"Buenos dias", "buenas noches" -- this was the first words in a foreign language I heard in my life, as a three-year old boy growing up in developing post-war Western Germany, where the first gastarbeiters had arrived from Spain. Fascinated by the strange sounds, I tried to get to know some more languages, the only opportunity being TV courses of English and French -- there was no foreign language education for pre-teen school children in Germany yet in those days. Read more
To find some answers Tim Machan explores the language's present and past, and looks ahead to its futures among the one and a half billion people who speak it. His search is fascinating and important, for definitions of English have influenced education and law in many countries and helped shape the identities of those who live in them.
This volume provides a new perspective on the evolution of the special language of medicine, based on the electronic corpus of Early Modern English Medical Texts, containing over two million words of medical writing from 1500 to 1700.
The Common European Framework of Reference (CEFR) and the design of language tests: A matter of effect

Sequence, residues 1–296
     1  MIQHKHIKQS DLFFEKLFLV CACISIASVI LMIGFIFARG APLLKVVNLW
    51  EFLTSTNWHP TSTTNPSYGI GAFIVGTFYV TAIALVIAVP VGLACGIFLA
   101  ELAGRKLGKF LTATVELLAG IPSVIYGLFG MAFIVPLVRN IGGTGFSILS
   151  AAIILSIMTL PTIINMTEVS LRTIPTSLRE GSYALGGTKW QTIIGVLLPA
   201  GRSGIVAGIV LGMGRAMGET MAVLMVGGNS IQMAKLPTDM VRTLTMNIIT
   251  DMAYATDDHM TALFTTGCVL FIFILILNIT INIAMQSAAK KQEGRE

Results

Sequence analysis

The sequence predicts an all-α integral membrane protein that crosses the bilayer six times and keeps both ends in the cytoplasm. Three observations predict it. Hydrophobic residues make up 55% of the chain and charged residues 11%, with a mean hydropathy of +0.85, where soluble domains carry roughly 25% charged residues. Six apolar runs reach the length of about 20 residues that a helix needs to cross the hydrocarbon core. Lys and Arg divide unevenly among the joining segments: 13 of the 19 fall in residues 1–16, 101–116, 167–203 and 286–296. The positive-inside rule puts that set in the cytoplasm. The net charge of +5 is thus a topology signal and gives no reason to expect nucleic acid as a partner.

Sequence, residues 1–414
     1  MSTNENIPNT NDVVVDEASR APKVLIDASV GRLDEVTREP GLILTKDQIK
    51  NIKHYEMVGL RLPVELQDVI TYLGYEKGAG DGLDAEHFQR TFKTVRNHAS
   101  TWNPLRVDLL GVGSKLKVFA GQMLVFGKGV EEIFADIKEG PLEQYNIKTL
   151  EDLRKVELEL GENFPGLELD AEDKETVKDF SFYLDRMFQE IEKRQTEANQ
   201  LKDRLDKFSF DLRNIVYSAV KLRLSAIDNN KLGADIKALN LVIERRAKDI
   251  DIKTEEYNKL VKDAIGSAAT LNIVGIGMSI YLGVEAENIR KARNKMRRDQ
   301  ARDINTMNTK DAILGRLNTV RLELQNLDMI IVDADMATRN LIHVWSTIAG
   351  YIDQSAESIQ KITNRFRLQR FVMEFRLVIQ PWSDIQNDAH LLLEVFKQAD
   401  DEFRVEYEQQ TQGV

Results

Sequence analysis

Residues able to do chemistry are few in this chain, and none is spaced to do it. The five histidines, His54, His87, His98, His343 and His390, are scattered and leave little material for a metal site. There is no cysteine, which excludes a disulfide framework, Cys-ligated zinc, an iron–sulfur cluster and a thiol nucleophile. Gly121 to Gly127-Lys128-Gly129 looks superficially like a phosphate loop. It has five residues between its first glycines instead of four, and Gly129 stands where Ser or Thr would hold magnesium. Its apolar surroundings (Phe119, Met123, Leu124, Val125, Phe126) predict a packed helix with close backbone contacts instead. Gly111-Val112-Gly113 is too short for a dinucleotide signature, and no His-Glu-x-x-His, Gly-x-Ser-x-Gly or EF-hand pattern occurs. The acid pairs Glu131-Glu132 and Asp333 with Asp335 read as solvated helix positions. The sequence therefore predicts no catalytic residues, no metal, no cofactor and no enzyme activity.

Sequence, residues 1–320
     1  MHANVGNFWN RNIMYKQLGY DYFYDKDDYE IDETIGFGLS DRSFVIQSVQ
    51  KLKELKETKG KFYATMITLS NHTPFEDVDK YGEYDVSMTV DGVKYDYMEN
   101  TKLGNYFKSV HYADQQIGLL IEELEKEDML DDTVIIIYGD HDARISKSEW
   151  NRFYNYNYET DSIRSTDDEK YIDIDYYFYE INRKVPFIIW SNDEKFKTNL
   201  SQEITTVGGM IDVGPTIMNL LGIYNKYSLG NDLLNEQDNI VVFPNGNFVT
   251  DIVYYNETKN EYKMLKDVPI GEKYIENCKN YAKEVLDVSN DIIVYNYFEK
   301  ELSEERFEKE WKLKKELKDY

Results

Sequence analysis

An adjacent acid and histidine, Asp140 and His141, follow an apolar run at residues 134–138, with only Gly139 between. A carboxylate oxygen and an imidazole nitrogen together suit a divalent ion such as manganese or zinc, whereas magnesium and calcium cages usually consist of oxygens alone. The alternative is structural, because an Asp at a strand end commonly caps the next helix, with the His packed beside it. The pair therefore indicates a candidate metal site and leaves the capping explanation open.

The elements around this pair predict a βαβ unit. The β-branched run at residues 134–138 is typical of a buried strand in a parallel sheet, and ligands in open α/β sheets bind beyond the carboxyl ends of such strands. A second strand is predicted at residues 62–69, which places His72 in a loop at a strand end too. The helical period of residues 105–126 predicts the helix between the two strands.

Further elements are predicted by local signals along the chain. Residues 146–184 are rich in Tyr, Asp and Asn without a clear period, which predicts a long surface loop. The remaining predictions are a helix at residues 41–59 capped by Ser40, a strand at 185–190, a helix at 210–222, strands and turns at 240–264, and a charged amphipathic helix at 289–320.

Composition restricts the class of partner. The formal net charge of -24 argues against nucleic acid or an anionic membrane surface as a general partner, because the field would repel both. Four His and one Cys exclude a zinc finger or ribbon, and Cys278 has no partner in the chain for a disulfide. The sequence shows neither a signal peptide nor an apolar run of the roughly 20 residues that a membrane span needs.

Language test development proceeds best when the test's effect is borne in mind, throughout the test development process. The authors discuss the flexible language of the Common European Framework of Reference for Languages (CEFR) and explore the pragmatic utility of such language to guide language test development. They select service encounters (e.g. airline ticket sales, open-air markets) as a sample language use domain to illustrate demonstrable weaknesses in the Framework. Using the CEFR Level A1 service encounter descriptor, suggested testing materials are shown in a versioned evolution of a proposed test specification. Provided that effect is kept in mind, the authors argue, the CEFR is actually a valuable – even an optimistic – starting point for language test development.